Reflection on progress and challenges in Kosovo

Statement by Stephen Hickey, Acting Deputy Permanent Representative to the United Nations, at the Security Council Briefing on Kosovo.

Reflection on progress and challenges in Kosovo

Thank you Mr President

And thank you Special Representative Tanin for your briefing and the Secretary-General’s report.

Mr President, as Ambassador Çitaku reminded us, this month marks ten years since Kosovo became a sovereign state. Let us reflect on the progress that has been achieved in this time. The people of Kosovo have participated in three Parliamentary elections since declaring independence in 2008, as well as two country-wide mayoral and municipal elections. Kosovo has also shown solid economic growth, and is now among the top ten countries for starting a business according to the World Bank’s Doing Business 2018 report, jumping from 60th to 40th place in that same report’s ranking for ease of doing business. And recent action towards full integration of Kosovo’s judiciary within the EU-facilitated dialogue underscores a real commitment to progress and stability. This is not the same country it was 10 years ago when UNMIK was first established.

This is not to say Kosovo is without its challenges: building a democracy takes time. The genuinely competitive local elections in the majority of municipalities in Kosovo were a welcome sign of healthy democratic competition, but we continue to be concerned by allegations of intimidation in Kosovan-Serb municipalities.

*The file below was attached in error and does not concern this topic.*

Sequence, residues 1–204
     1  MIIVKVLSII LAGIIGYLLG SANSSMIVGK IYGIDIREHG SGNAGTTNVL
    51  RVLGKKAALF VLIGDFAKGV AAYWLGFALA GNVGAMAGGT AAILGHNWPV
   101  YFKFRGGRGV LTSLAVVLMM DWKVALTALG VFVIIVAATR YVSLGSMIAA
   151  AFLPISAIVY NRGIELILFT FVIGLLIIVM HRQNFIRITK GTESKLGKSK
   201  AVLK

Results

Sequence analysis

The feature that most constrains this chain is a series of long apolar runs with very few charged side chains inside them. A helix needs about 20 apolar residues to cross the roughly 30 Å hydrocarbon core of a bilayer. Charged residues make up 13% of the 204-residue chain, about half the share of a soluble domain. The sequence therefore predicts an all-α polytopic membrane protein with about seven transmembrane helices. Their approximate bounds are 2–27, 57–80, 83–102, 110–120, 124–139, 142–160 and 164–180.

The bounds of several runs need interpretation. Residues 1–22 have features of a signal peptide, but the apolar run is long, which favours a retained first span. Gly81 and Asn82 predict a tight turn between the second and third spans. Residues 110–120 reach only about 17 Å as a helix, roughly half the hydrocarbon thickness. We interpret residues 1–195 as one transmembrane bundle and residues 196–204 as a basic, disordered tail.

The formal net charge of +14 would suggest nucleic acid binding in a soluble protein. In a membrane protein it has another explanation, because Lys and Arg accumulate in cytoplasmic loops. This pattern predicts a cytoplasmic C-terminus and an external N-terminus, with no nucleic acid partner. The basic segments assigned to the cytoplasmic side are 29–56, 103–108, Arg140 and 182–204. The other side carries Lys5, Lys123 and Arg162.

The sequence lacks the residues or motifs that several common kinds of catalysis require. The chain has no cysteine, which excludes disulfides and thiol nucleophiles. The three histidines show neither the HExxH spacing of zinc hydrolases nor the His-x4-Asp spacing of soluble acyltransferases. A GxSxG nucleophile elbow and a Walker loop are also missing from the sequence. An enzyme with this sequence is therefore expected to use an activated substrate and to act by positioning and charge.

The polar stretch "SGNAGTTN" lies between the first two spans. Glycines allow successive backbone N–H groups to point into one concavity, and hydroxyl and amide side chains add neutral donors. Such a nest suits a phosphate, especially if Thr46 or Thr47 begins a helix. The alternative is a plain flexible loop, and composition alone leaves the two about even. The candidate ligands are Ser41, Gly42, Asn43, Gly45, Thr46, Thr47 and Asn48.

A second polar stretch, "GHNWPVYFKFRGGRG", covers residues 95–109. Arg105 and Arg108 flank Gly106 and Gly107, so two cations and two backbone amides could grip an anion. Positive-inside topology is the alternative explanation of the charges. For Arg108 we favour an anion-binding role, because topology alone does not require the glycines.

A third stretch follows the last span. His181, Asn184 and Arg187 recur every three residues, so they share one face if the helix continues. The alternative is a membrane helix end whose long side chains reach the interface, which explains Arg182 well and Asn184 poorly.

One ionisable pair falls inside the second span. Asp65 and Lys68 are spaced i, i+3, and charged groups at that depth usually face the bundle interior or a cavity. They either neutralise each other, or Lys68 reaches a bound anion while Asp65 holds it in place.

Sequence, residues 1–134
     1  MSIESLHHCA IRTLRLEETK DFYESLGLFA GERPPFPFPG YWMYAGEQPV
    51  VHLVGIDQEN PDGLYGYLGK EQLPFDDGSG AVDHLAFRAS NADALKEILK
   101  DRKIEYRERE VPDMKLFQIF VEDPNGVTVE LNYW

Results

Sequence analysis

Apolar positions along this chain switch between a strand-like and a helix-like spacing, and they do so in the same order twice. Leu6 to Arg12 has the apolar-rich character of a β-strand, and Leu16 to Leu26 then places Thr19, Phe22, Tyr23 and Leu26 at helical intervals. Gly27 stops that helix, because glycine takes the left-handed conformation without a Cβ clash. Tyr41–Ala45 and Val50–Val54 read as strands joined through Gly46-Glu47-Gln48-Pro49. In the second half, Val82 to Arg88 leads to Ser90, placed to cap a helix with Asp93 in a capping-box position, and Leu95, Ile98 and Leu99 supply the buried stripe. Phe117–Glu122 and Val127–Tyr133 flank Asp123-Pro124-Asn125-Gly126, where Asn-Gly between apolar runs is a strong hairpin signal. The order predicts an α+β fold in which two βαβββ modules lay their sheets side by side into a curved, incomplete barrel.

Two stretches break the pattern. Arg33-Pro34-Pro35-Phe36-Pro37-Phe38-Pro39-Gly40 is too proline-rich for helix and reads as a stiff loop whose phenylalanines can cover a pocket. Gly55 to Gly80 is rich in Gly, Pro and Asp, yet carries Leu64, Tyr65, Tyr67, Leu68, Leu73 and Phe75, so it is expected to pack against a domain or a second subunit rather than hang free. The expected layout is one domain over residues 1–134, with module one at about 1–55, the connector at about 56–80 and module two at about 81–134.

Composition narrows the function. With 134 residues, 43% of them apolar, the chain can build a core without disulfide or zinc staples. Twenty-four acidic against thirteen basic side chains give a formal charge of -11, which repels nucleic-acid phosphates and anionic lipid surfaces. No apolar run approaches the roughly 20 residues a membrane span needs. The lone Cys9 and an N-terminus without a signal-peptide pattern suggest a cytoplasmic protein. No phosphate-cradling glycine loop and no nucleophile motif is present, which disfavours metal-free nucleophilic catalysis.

Additionally, we welcome the public statement by President Hashim Thaçi on February 1st that the Kosovo Specialist Chambers “cannot and will not be abrogated”, and we hope to see the initiative in the Kosovo Assembly formally removed in the coming days, ensuring that the Chambers’ important work to maintain justice and the rule of law will continue.

We continue to urge Kosovo authorities to take all possible steps to swiftly resolve the murder of Oliver Ivanović, which has increased the local tensions in North Mitrovica.

However, these concerns should not diminish the progress that has been made by Kosovo. Kosovo can continue to build on its progress by transitioning UNMIK institutions to Kosovan institutions or other international organizations. While we appreciate UNMIK’s years of work in Kosovo, it is time for a leaner, more efficient Mission to focus on more tightly defined priorities that take into account all of the progress Kosovo has made in the last ten years.

Kosovo’s challenges are far less severe than those of the fledgling nation that UNMIK first arrived to. And thus, it does not require a UN Mission of this size. Moreover, yesterday in the open debate in this Council which you chaired, the UK called for a Security Council that focuses on present and future challenges; with all of the world’s pressing challenges, checking in on Kosovo’s good progress every three months with these meetings is simply not a good use of this Council’s time. In closing, let me reiterate the longstanding UK position that it is past time for this Council to meet less frequently on this issue.

Thank you.

Published 7 February 2018